GUATEMALA CITY – Security forces seized a small plane, 150 AK-47 assault rifles and the equivalent of nearly $63,000 in cash Tuesday during operations against suspected drug traffickers in the northern Guatemalan province of Alta Verapaz, where a state of siege was imposed over the weekend.
Authorities have also arrested 10 suspected members of Mexico’s Los Zetas drug cartel since the state of siege took affect at midnight Saturday, police spokesman Donald Gonzalez told reporters.
Police found 300,000 quetzales ($37,735) in cash inside a small aircraft impounded at the airport in Coban, while another 200,000 quetzales ($25,157) was discovered during the search of a private residence, Gonzalez said.
President Alvaro Colom declared a 30-day state of siege in Alta Verapaz in an effort to regain control of cities officials say are being terrorized by traffickers linked to Los Zetas.
The aim of the emergency measures is “to restore governability, attack and dismantle the organized crime structures established in Alta Verapaz,” Interior Minister Carlos Menocal said Tuesday.
Guatemala’s defense minister, Abraham Valenzuela, told a press conference the army may permanently station a counternarcotics detachment in the province.
Security forces confiscated nine vehicles, four of them armor-plated, Monday in the course of detaining the 10 suspected Zetas.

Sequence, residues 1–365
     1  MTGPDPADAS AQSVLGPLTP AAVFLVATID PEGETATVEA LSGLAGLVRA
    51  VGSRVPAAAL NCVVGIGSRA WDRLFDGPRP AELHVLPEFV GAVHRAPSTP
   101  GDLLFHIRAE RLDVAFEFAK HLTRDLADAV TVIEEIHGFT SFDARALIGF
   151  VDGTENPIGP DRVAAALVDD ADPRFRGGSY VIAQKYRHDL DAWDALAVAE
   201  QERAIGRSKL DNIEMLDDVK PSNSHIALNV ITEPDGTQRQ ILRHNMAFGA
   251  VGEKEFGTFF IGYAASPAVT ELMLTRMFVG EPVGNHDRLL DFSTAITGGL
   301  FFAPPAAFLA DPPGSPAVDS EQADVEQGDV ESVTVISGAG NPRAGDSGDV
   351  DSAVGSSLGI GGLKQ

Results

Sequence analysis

The Colom administration decided to act after investigators determined that Los Zetas cells, mostly comprising Mexican hired guns and former Guatemalan soldiers, “took control” of Alta Verapaz more than a year ago, presidential spokesman Ronaldo Robles said Sunday.
The state of siege allows the suspension of constitutional guarantees and the government said in a statement that “anyone suspected of conspiring against the state” is subject to arrest without a warrant.
Security forces can also “repel or repress any individual or collective action” by groups opposed to re-establishment of state control in the province, the government said.
Colom acknowledged Tuesday that Guatemala lacks sufficient police and troops to immediately expand the state of siege to other provinces where Los Zetas are said to be active.
He added, however, that the government plans to expand the army next year from 17,000 to 21,000 members.
Making the army bigger does not represent a militarization of society, Menocal said later, apparently seeking to reassure Guatemalans who remember the massacres carried out by soldiers during the 1960-1996 civil war.
Gunmen and smugglers working for Los Zetas, the former armed wing of Mexico’s Gulf cartel, have been operating in Guatemala for more than two years, becoming one of the bloodiest criminal organizations in the Central American country, officials say. EFE